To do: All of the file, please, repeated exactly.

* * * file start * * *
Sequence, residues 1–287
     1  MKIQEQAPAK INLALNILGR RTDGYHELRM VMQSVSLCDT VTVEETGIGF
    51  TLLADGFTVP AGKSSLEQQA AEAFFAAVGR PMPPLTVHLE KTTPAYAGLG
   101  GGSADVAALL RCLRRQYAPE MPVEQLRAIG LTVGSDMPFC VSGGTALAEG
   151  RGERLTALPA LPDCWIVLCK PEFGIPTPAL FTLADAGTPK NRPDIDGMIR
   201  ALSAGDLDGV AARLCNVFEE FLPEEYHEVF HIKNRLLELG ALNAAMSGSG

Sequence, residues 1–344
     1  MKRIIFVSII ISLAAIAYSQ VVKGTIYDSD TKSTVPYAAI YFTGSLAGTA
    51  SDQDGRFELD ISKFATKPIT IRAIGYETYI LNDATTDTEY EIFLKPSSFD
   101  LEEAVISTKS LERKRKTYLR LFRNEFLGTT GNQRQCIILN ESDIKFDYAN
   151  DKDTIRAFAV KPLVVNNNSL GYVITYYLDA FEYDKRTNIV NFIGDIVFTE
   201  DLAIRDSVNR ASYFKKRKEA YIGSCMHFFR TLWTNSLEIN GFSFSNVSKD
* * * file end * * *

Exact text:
Sequence, residues 1–287
     1  MKIQEQAPAK INLALNILGR RTDGYHELRM VMQSVSLCDT VTVEETGIGF
    51  TLLADGFTVP AGKSSLEQQA AEAFFAAVGR PMPPLTVHLE KTTPAYAGLG
   101  GGSADVAALL RCLRRQYAPE MPVEQLRAIG LTVGSDMPFC VSGGTALAEG
   151  RGERLTALPA LPDCWIVLCK PEFGIPTPAL FTLADAGTPK NRPDIDGMIR
   201  ALSAGDLDGV AARLCNVFEE FLPEEYHEVF HIKNRLLELG ALNAAMSGSG

Sequence, residues 1–344
     1  MKRIIFVSII ISLAAIAYSQ VVKGTIYDSD TKSTVPYAAI YFTGSLAGTA
    51  SDQDGRFELD ISKFATKPIT IRAIGYETYI LNDATTDTEY EIFLKPSSFD
   101  LEEAVISTKS LERKRKTYLR LFRNEFLGTT GNQRQCIILN ESDIKFDYAN
   151  DKDTIRAFAV KPLVVNNNSL GYVITYYLDA FEYDKRTNIV NFIGDIVFTE
   201  DLAIRDSVNR ASYFKKRKEA YIGSCMHFFR TLWTNSLEIN GFSFSNVSKD